It is effective for healing skin in this way: who wishes to clean the skin and make it fine, whether on a limb or on the whole body, should take a bath, and when the parts of the body have been cleaned with warm water, alkanet can be mixed into an egg white and vinegar and applied. And a little later, the parts which were treated can be rinsed off.
Wash them in the same way on the second day, and again on the third, and again on the fourth.
Note that on the first day the treated areas will appear discolored, on the second day less, and by the fourth day, they will seem especially clear.
In this way, even herpes granosus can be cured.
For mending a wound, use alkanet alone in this way, also on the ear or the nose, and even elsewhere.
Note that if you ’on’t have alkanet for mending a wound, a powder of cinammon by itself will help.
If you want to dye hair or nails or other parts of the body a reddish color, dissolve alkanet with vinegar or water.
If you want a dark color, mix it in oil and allow the dyed area to dry. It will scarcely fade afterwards, unless with lemon juice and galingale, or bran and vinegar.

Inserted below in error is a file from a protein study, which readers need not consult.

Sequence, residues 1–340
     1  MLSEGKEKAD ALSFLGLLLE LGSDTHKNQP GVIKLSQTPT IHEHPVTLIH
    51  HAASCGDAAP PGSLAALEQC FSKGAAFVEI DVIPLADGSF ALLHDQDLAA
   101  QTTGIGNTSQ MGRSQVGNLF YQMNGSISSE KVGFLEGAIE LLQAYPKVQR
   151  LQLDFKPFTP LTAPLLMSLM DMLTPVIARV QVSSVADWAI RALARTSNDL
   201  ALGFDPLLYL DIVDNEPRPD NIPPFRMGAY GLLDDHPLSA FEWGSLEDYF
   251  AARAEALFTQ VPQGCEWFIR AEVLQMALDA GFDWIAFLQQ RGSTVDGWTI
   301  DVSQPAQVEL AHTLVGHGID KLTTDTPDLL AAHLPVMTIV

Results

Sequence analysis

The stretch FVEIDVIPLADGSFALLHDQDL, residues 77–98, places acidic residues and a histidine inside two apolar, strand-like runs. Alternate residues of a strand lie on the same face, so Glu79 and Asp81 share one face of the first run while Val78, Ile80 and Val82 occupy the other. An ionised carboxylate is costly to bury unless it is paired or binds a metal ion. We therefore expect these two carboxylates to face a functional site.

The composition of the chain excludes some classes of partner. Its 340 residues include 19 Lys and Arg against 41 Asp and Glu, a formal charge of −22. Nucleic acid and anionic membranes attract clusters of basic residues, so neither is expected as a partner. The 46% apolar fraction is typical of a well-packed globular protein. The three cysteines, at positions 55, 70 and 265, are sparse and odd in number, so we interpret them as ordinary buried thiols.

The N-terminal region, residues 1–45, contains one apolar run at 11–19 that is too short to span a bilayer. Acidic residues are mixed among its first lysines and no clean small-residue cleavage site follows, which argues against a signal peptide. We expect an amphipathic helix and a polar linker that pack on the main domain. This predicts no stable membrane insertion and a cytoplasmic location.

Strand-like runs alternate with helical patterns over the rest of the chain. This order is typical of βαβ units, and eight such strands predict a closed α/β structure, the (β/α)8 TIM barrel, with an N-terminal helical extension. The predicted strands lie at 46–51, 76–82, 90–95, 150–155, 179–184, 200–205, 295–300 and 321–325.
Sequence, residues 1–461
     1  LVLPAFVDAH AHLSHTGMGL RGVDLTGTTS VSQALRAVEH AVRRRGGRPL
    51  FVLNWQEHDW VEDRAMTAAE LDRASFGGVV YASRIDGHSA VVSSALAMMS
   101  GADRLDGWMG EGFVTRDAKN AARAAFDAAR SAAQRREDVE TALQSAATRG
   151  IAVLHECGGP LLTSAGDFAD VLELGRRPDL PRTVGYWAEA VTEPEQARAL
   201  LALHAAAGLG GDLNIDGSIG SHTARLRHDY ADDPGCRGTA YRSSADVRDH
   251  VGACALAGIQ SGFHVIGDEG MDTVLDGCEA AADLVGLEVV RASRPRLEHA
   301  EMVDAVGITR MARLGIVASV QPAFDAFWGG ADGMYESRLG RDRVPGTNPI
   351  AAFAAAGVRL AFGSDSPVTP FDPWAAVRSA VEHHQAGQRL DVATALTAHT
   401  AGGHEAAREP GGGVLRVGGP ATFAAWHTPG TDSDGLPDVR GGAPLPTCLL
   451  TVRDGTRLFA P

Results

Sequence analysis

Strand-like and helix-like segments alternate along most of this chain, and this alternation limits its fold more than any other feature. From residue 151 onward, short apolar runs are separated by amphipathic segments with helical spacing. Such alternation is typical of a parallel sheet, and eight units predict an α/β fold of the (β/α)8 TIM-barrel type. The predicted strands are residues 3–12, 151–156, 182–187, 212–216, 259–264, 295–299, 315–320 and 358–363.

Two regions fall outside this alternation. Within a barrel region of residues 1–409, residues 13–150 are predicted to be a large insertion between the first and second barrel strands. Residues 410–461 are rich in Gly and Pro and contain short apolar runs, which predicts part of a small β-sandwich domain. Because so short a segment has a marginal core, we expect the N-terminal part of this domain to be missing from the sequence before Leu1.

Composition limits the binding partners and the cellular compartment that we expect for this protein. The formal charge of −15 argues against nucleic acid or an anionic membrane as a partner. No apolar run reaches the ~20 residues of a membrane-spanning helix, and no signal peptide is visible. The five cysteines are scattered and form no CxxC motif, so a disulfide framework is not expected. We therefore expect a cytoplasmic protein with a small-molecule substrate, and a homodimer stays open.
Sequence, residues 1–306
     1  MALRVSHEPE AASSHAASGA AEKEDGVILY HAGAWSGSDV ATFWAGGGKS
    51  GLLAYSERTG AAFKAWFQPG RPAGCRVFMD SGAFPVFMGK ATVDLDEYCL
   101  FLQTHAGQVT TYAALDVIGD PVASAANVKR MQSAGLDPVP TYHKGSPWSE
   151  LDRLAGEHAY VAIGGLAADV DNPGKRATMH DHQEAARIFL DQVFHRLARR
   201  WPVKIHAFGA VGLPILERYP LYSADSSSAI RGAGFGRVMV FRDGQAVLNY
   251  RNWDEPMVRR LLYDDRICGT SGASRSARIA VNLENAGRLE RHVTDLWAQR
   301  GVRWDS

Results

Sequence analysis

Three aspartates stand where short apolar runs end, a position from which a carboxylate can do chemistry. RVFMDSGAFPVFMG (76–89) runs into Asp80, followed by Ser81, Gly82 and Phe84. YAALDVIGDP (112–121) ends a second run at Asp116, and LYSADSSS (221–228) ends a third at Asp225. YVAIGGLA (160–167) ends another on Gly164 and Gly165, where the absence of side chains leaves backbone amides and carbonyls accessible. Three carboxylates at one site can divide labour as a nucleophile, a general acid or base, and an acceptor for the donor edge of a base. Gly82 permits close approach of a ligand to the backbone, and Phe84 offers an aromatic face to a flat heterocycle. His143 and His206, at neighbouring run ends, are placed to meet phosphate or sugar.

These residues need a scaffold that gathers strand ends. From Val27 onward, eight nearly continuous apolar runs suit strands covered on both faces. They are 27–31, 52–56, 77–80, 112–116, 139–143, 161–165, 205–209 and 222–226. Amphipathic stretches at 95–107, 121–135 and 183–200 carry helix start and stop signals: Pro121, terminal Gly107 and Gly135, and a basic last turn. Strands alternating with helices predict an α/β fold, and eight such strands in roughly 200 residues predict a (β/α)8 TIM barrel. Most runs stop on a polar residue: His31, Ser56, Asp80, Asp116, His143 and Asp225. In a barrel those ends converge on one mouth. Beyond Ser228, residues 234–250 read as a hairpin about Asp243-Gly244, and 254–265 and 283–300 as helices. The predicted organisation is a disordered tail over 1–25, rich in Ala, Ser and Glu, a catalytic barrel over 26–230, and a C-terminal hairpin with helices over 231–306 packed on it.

Possibly herpes simplex; see Norri, p. 506.
 Alkanet is still used today as a natural dye producing a reddish-purple color.
Chap. 27 (f. 189v): Concerning Orpiment
Orpiment from Wikimedia
Orpiment is warm and dry in the fourth degree. It comes from a vein of the earth. It dissolves, attracts, and cleanses. There are two types of orpiment, the red and the yellow. The yellow is suited for medicine.
Against entrenched asthma or cough which is of a moist sort: let orpiment be put above live coals and let the patient, standing erect with head bent, take in the smoke through an embotum. An embotum is an instrument which is broad below, narrow above, with a channel at the bottom.
Dew is also effective against asthma from a moist cause; it may be given to children: 1 scruple of orpiment (cont.)